FARGO, N.D. (AP) - Dry weather helped North Dakota farmers over the past week, but a shortage of propane and storage space has slowed the corn harvest, the U.S. Department of Agriculture's National Agricultural Statistics Service said Monday in its weekly crop progress report.
Farmers are waiting for high-moisture corn to dry in the field because of the propane shortages and a lack of available storage. And some grain elevators have been limiting the bushels of corn that can be delivered based on the amount that could be dried every day, the agency said.
Farmers and grain elevators use propane to dry crops that come off the field too wet to store properly so they don't spoil. Peak harvesting times usually are staggered throughout the Midwest, but that didn't happen this year, elevator operator CHS Inc.'s propane marketing manager said earlier.
A delayed start to the planting season, combined with September and October rains, increased propane demand that local suppliers weren't prepared to meet, Tom Lilja, executive director of the North Dakota Corn Growers Association, said earlier. Other factors include a larger corn crop this year and industry experts telling farmers earlier this year not to lock into propane contracts, citing potential price drops, he said.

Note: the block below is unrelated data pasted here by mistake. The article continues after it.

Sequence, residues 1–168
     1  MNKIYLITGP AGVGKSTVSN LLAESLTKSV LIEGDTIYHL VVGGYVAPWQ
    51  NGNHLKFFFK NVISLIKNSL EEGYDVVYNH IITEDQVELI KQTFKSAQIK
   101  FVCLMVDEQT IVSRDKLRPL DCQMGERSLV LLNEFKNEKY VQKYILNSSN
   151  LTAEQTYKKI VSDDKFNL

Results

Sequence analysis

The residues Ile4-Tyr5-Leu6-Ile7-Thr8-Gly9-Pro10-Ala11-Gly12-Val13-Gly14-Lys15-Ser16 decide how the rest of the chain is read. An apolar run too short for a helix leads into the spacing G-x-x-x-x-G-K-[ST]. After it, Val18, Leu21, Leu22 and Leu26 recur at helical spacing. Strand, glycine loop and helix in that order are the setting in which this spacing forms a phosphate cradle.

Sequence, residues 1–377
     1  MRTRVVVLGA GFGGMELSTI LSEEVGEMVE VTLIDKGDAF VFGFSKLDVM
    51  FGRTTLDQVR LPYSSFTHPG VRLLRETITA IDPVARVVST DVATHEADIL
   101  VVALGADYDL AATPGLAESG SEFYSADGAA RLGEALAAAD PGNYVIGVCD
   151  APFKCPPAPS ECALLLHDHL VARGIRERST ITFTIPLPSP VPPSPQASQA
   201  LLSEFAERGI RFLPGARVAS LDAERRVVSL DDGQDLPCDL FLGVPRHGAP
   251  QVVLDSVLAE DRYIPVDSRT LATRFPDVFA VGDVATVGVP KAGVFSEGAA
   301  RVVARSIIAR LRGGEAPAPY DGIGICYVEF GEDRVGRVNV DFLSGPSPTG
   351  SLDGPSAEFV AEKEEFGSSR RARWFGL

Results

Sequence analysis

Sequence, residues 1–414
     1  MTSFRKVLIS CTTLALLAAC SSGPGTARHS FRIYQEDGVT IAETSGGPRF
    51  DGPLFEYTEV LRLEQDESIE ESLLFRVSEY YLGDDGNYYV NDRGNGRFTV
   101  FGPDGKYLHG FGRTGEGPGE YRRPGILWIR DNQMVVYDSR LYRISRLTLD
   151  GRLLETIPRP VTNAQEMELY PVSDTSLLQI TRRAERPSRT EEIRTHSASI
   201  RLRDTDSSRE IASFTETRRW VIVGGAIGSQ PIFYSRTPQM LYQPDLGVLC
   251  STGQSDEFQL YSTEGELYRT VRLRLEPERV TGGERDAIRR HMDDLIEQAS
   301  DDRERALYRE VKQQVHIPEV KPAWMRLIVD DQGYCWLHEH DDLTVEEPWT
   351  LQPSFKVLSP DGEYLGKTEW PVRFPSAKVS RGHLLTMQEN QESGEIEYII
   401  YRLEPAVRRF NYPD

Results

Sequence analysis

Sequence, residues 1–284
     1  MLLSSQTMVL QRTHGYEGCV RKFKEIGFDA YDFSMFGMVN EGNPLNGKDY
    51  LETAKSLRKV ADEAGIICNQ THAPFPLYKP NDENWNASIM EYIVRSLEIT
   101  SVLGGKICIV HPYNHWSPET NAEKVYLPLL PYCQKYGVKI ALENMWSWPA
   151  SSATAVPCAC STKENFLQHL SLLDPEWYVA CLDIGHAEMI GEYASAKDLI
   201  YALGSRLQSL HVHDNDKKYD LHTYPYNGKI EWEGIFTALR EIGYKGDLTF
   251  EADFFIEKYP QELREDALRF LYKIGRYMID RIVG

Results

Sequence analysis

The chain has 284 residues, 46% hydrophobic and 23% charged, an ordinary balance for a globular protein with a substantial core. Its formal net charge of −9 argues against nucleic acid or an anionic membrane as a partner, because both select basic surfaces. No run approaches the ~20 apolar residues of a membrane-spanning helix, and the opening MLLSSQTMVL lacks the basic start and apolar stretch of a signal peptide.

Lilja could not be reached late Monday for comment.
North Dakota's corn harvest is about 78 percent complete, well behind last year's 100 percent but ahead of the 69 percent average, the USDA said. The state's soybean harvest is close to wrapping up because combines can now get in wet areas that were hardened by freezing temperatures. About 63 percent of the sunflowers have been harvested, which is well behind the 95 percent at this time last year and the 87 percent average.